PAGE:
2018 Events for Scranton, Pennsylvania


Using the waxing crescent Moon and the 3rd magnitude star Lambda Aquarii as guides the 8th magnitude outer planet Neptune can be spotted in a telescope some 2 degrees to the right of the Moon. Brighter star Lambda Aquarii is about 3 degrees right of the Moon. They are all about 16 degrees above West-South-West horizon when the sky is dark enough to locate Neptune.

View of the Jan 31st Lunar Eclipse is not very favorable from our part of the country. The entry into outer penumbra of the Earth’s shadow starts as the Moon is setting on the Eastern horizon in a twilight sky. The Moon will be below our local horizon by the time the Moon enters the darker umbra portion of the Earth’s shadow.


The last two weeks of this month is a good time to start looking for the planet Venus as it returns into the evening sky. It will be to the upper left in the sky from where the Sun had set below the horizon. This will be a challenge to find the brilliant -4 magnitude planet so close to, 10 degrees, above the horizon. A partly cloudy horizon sky, cold temperature and low altitude of the planet will be the primary disadvantages. By mid March Venus will be easily seen in the western sky.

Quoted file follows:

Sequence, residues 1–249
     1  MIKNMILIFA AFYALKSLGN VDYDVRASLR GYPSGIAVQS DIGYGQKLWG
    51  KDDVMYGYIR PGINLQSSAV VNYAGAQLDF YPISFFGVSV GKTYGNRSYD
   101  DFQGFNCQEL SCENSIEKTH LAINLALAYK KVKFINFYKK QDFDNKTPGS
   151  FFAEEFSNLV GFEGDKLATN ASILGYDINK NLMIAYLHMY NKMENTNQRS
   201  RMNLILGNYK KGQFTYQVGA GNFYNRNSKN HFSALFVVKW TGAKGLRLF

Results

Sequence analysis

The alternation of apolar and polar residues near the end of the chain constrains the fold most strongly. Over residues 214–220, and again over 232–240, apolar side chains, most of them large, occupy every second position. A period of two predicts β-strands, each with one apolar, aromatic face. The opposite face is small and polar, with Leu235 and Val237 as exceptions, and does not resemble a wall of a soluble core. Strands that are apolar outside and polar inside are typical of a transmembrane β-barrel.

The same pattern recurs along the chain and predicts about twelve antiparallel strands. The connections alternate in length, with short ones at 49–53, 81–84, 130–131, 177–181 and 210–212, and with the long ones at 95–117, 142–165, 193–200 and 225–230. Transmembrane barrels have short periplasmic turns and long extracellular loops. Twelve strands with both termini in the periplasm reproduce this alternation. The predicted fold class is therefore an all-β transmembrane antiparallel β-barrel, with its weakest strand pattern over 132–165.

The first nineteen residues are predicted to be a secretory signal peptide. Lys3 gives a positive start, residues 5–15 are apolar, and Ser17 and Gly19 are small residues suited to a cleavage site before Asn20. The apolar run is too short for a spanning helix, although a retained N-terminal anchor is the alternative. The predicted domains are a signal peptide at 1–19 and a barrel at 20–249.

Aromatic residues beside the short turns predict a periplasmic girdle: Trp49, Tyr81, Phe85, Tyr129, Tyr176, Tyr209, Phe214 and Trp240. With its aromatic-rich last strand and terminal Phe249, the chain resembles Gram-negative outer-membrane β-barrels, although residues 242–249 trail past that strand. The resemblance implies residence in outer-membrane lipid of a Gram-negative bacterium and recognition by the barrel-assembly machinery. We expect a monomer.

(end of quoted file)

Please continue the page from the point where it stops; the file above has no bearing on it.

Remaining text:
Our Moon and planets Venus, Mercury and Uranus make close passages this month. However they are all very low in the western sky and very challenging to view close to the setting Sun. The best chance to see the trio of the Moon with Venus and Mercury close by is the evening of March 18th, when the crescent Moon, Venus and Mercury form a straight line low in the western sky. Use the Moon as your guide to find -4 magnitude Venus 4 degrees to the upper right then 0.4 magnitude Mercury 4 degrees to the upper right of Venus. This will be the best evening apparition of the year to locate the elusive planet Mercury in the sky.